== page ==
I am okay without my boxes—I think. Going to the Corner every week requires my setting down my old boxes and entering this world open . . .

Really, my fear that I talked about at the beginning of this post, related to going to the Corner some weeks, is not about the smell or about shaking dirty hands—that's all a cover-up for what I'm actually afraid of. Much like this woman's weeping about the car and her stuff was a cover up for her deepest pain, my real fear comes from having no box for what goes on at the Corner.

While I have nice boxes for people with homes, my worldview gets turned upside down when I hear homeless men and women's stories and watch them weep, hold their hands, and pray for them when they are undone.

I keep going to the Corner because I love them. I love them because they are beautiful people with the same fears and struggles as me. I love them because they are hurting and willing to share their hurts. I love them because they lay out their brokenness for all to see. They don't get to take showers as regularly as we do. They don't get to change clothes multiple times a day like we can. They don't get to eat morning, noon, and night every day. They live their need—without having to say a word. And when they do speak, and like this woman entrust me with their tears, I consider it the highest privilege.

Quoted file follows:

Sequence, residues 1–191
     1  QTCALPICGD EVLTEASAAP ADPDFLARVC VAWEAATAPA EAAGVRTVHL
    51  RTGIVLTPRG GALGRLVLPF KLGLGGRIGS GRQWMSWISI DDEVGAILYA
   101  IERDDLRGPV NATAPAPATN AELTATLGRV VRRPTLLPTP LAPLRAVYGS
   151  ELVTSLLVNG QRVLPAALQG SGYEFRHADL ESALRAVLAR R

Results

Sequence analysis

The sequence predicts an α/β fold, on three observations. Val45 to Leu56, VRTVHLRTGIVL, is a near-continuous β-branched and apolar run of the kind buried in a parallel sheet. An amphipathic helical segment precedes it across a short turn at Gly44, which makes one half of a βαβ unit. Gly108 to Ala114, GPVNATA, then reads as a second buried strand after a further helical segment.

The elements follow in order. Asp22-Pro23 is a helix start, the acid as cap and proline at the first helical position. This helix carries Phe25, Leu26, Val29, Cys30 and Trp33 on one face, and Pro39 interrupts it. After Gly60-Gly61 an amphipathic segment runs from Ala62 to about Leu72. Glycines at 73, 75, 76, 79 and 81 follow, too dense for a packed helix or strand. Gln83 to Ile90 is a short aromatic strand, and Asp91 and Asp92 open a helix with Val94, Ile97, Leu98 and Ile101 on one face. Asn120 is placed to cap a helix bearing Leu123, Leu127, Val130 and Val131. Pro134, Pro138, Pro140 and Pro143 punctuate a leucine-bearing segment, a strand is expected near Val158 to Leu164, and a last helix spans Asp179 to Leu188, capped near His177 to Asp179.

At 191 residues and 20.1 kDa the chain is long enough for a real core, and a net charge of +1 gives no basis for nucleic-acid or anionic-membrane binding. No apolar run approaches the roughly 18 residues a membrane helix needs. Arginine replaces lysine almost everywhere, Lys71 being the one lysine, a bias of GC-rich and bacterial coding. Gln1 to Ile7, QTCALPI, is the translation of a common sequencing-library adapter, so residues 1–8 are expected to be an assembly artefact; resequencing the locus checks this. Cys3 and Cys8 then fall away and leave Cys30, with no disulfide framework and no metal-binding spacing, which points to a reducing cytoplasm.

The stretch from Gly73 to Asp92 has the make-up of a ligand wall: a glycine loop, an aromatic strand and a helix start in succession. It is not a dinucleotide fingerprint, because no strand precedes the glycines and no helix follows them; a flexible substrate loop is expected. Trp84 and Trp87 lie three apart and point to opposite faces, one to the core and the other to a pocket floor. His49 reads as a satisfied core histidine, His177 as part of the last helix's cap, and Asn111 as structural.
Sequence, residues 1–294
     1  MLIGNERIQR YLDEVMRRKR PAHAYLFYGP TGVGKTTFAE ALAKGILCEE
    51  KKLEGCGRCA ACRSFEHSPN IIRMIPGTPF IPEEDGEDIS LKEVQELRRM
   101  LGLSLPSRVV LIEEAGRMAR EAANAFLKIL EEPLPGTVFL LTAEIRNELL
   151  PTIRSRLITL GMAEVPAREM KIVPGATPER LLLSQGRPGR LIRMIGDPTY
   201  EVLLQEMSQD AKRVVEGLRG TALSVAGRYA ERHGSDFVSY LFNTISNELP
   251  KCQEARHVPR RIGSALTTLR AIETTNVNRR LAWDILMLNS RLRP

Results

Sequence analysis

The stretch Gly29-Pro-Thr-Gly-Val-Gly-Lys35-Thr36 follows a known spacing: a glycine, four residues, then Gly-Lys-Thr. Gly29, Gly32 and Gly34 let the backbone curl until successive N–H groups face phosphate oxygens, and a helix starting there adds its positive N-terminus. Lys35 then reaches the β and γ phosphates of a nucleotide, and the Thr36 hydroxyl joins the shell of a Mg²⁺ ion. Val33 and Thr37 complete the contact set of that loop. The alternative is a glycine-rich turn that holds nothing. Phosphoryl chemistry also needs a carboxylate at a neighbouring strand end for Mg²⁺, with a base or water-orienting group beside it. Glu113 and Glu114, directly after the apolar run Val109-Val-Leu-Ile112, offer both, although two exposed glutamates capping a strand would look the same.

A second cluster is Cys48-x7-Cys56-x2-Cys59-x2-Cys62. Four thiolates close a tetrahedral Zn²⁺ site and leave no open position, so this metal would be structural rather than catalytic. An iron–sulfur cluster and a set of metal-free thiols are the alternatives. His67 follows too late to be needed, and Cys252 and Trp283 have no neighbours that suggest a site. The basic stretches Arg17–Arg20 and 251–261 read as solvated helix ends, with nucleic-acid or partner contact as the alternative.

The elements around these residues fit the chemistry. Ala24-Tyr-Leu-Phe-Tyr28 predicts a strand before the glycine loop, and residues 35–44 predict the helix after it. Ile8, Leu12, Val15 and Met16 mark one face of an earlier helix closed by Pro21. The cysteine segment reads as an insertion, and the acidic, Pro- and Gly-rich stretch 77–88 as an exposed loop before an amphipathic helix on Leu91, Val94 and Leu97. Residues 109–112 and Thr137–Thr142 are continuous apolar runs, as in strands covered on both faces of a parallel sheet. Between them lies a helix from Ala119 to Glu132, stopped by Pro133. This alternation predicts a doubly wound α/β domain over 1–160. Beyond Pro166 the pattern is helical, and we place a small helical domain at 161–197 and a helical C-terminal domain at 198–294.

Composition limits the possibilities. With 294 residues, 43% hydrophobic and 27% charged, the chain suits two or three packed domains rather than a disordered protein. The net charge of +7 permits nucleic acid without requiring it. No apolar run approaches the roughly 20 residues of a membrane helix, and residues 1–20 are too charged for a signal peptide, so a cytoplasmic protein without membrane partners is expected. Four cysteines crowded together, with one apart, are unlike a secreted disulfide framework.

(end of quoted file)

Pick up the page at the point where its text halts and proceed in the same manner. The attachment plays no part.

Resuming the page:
You see, life isn't box-y, even though we make it so.

It is the hardest thing in the world for me, Mrs. Type A, to lay down her boxes. But oh, how I want to! What freedom is there!

I want to live open.

Do you?